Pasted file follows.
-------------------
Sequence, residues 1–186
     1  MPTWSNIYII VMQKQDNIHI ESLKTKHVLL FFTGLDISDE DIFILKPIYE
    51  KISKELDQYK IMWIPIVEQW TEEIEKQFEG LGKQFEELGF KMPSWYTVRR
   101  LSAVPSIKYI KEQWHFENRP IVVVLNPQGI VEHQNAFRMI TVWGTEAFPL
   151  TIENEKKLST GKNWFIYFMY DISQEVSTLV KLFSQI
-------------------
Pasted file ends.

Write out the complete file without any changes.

Sequence, residues 1–186
     1  MPTWSNIYII VMQKQDNIHI ESLKTKHVLL FFTGLDISDE DIFILKPIYE
    51  KISKELDQYK IMWIPIVEQW TEEIEKQFEG LGKQFEELGF KMPSWYTVRR
   101  LSAVPSIKYI KEQWHFENRP IVVVLNPQGI VEHQNAFRMI TVWGTEAFPL
   151  TIENEKKLST GKNWFIYFMY DISQEVSTLV KLFSQI